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dash gauge temp sensor

coopab

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I've been having erratic readings on dash gauge. I pulled the connector and grounded the single wire. When I turned the key to "On" the gauge pegged on H. Decided to replace the sensor.

Why does this sensor have a two prong connection, although only one wire is being used? The old sensor had the same two connectors with only one in use.

To remove the sensor I removed and replaced the thermostat at the same time as replacing the sensor.

After all this the dash gauge isn't moving at all. After running the motor for a few minutes, my ELM327 bluetooth OBD II device connected, Torque Pro realtime temp I was at 190.4 F. No movement at all on the dash gauge.

Is it possible that the new gauge is not connected? (i.e. the single wire feeding the incorrect terminal of the two that are in the sensor)

Ran out of daylight, so I'll be back on this tomorrow.

coopa
 


RonD

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On all fuel injected engines there are two engine temp reading devices.
A two wire SENSOR and a one wire SENDER.

The sensor is only used by the computer, computer monitors coolant temp to set "choke mode" when engine is cold, i.e. high idle, advanced spark timing and rich fuel mix. This sensor is what you are reading with OBD II reader.
This sensor doesn't use the engine as a ground, that is why it has/needs two wires.

The sender is only used by the dash board gauge, it uses the engine as a ground so only needs the one wire, and this is why if you ground that one wire the needle will go to HOT.

If you picked up a "sensor"(two connectors) to replace the sender(one connector) then it will not work since it has no ground.

Also do not use "sealing tape" on a sender, threads at the bottom must be bare to get a good ground.
 
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coopab

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temp sender connector with two slots

On all fuel injected engines there are two engine temp reading devices.
A two wire SENSOR and a one wire SENDER.
SOLVED: Thanks RonD for clarifying the two items. I just installed the SENDER and made a test run raising the temp into the 190's F while watching the now functioning C---------H gauge rise into the mid range where the thermometer icon resides.

I'm still a little baffled as to why the sender has two terminals even though only one is used in this setup.

The sensor is only used by the computer, computer monitors coolant temp to set "choke mode" when engine is cold, i.e. high idle, advanced spark timing and rich fuel mix. This sensor is what you are reading with OBD II reader.
This sensor doesn't use the engine as a ground, that is why it has/needs two wires.

The sender is only used by the dash board gauge, it uses the engine as a ground so only needs the one wire, and this is why if you ground that one wire the needle will go to HOT.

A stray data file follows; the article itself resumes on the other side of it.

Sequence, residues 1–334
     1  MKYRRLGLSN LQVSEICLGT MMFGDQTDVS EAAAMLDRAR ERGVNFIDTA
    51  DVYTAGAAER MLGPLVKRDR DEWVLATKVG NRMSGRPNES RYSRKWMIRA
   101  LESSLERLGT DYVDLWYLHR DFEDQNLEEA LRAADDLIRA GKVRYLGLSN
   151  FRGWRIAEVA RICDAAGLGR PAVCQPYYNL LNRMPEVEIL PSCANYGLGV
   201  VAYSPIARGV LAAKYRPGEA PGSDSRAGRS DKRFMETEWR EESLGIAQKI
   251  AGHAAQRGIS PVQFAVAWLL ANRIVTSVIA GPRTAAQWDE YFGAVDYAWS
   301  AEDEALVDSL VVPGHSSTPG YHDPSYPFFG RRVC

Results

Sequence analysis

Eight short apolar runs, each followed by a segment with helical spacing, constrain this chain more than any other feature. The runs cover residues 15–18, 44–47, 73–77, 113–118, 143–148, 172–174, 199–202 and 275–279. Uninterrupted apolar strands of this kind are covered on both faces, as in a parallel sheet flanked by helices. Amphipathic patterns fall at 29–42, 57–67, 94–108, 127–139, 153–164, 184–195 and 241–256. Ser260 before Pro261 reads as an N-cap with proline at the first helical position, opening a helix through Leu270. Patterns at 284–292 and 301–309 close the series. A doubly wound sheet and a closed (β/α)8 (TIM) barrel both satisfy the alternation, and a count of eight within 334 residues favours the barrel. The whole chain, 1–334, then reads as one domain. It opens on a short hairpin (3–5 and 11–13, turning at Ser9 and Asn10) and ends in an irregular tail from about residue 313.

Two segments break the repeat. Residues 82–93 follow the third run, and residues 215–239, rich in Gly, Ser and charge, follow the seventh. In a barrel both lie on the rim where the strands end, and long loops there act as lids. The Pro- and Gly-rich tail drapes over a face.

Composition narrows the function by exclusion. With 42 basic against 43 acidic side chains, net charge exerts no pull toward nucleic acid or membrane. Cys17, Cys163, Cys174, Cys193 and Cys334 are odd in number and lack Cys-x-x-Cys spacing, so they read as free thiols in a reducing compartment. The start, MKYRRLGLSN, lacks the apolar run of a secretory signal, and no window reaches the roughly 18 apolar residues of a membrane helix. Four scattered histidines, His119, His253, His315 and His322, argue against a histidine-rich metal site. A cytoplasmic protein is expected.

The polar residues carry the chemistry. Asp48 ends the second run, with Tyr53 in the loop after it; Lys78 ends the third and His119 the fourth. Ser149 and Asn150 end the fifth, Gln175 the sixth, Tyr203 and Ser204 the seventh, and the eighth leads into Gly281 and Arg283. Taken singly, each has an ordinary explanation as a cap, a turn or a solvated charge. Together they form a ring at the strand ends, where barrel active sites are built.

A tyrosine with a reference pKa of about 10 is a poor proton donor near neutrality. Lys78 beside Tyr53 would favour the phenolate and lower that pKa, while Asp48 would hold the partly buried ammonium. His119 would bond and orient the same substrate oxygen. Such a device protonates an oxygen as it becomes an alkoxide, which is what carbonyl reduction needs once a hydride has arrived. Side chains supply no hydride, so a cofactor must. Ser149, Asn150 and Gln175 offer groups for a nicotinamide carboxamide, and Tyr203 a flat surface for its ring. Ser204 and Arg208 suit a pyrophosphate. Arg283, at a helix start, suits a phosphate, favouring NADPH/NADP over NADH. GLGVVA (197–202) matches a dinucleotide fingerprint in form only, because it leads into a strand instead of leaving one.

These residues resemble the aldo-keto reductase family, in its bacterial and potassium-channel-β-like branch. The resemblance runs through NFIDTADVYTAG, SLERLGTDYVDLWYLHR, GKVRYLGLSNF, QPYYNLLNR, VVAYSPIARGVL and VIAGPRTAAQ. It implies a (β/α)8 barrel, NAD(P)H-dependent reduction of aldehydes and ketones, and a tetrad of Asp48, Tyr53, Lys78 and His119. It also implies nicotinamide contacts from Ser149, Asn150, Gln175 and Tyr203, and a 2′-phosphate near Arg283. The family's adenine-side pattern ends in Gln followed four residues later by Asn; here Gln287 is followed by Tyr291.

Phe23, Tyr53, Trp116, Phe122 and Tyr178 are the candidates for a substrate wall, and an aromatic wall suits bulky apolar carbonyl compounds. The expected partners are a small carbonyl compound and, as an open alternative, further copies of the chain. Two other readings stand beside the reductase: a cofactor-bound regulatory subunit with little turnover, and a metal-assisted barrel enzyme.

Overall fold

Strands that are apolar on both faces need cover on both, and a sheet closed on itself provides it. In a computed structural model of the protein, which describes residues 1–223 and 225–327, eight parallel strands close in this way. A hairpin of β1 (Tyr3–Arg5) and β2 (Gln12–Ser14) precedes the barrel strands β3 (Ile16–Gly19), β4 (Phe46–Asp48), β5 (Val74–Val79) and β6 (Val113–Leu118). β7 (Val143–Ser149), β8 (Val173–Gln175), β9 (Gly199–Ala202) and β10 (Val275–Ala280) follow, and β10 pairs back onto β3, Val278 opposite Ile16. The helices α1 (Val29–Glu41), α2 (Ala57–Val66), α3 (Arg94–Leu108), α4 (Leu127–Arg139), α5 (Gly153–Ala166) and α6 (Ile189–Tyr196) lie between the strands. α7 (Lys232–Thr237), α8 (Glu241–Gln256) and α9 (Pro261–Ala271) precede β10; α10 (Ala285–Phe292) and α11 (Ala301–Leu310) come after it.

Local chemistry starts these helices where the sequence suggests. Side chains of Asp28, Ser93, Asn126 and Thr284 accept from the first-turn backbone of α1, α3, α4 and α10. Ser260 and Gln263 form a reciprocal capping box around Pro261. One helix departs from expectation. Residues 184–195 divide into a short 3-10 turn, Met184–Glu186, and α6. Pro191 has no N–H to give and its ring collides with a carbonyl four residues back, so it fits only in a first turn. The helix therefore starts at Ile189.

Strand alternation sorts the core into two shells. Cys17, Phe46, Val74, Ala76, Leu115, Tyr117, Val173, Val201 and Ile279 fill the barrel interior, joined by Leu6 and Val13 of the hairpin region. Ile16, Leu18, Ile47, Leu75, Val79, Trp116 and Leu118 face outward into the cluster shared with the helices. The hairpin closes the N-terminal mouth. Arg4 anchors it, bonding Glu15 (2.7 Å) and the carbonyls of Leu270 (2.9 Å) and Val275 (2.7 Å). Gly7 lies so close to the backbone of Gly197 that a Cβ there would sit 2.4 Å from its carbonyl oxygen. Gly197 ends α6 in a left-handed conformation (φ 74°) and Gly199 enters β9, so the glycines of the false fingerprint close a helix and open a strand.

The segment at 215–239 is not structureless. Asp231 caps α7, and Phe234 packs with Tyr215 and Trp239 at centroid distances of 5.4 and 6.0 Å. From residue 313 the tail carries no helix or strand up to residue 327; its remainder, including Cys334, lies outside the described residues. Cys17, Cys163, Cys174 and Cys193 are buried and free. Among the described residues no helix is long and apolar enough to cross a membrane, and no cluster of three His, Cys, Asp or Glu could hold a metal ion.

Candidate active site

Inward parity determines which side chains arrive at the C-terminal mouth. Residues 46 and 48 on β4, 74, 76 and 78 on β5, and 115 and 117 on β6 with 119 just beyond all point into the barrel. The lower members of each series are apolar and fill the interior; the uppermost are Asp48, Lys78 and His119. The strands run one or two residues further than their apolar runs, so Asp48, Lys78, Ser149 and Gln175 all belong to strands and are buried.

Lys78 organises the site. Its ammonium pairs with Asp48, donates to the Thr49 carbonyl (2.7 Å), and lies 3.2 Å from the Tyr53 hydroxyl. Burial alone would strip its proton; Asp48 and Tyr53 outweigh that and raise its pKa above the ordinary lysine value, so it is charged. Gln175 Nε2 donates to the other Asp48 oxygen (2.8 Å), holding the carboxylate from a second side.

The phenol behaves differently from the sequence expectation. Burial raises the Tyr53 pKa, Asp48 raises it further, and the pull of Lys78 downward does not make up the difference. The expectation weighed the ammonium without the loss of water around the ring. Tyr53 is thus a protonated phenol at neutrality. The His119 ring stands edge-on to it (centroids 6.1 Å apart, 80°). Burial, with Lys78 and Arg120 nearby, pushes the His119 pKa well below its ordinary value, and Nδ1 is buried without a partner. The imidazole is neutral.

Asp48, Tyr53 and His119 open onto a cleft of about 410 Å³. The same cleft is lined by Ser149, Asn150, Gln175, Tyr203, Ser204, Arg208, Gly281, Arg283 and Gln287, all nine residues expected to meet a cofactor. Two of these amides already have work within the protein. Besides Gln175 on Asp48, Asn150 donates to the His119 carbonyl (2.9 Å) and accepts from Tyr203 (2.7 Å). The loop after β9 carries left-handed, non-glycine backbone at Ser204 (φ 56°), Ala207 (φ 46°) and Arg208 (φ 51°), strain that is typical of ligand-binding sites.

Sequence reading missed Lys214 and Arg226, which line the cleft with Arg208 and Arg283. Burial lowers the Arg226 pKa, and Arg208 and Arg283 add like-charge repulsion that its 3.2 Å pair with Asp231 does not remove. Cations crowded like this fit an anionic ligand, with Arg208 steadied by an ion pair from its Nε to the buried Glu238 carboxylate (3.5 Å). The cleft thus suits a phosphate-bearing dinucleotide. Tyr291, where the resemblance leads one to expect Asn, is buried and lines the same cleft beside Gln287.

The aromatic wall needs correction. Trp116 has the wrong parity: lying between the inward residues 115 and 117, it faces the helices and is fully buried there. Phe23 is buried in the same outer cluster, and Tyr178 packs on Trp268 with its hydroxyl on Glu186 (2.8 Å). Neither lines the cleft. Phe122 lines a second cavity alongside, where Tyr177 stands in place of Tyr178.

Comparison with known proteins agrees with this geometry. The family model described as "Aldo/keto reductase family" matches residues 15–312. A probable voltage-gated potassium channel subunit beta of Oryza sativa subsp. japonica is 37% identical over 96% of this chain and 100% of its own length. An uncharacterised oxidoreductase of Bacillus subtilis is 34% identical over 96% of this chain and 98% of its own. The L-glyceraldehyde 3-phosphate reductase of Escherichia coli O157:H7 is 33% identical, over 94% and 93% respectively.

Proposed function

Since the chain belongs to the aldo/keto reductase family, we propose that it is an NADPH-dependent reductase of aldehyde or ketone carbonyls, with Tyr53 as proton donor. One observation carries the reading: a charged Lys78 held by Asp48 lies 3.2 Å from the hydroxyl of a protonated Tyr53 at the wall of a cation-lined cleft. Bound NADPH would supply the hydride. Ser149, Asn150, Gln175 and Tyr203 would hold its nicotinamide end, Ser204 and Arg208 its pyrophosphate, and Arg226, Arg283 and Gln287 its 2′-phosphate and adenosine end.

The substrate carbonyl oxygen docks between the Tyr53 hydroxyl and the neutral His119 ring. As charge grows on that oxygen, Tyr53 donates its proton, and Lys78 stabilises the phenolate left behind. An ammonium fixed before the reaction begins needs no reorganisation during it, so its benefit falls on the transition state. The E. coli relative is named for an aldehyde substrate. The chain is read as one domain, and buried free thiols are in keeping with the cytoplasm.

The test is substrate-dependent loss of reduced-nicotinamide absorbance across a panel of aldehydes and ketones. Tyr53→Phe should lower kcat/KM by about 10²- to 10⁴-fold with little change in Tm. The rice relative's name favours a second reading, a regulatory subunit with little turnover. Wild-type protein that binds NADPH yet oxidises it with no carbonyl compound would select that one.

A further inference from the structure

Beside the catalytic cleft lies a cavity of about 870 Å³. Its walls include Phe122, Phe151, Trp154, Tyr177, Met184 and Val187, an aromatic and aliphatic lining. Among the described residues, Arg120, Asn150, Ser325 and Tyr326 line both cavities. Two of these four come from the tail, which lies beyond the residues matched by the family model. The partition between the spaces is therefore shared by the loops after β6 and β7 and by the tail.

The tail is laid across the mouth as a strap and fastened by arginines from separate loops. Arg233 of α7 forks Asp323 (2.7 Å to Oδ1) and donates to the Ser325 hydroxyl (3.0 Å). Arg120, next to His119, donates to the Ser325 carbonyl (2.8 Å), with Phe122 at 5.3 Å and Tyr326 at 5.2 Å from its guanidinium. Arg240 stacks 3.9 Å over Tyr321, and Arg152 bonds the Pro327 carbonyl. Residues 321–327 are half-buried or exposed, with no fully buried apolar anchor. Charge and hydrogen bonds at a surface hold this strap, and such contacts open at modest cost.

All of the above I had picked up on after scanning dozens of posts on the subject. Only new point of distinction is the sensor vs. sender. However, the old unit that was giving me erratic readings had two prongs and a two prong electrical connector. The connector, however, only uses one of the two slots.

If you picked up a "sensor"(two connectors) to replace the sender(one connector) then it will not work since it has no ground.
I tried to put up pictures of both sender and sensor but couldn't get the links to work. In any case, since my connector has a double connector do I need to get a replacement for the electrical connector as well as a SENDER with only one terminal?

http://i1198.photobucket.com/albums/aa442/krustybaguette/techsupport/1_WIRE.jpg

Also do not use "sealing tape" on a sender, threads at the bottom must be bare to get a good ground.
:icon_idea: I thought I'd solved the problem while lying in bed and I realized that teflon taping the threads wasn't such a good idea. However, I've since removed the tape but no change in the behavior.
 
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RonD

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Company's often use the same connectors for 1 and 2 wire units since it saves money.

Yes, you need a 1 wire sender for the temp gauge.
2 wire sensor for the computer.

But I thought you said gauge was working?
 

coopab

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boondoggle resolved!

Company's often use the same connectors for 1 and 2 wire units since it saves money.

Yes, you need a 1 wire sender for the temp gauge.
2 wire sensor for the computer.

But I thought you said gauge was working?
It was, but I didn't trust the readings which were erratic. So I got a new sensor, the wrong item (the two wire sensor) which fit in the location where the sender had been.
After one of your post clarified it for me I went back to the store and I got the correct item. During all this I was also using my ELM327 OBDII unit with the Torque Pro program on my smartphone. Realtime monitoring of the actual coolant temperature let me see that the new sender/gauge was working well.
 

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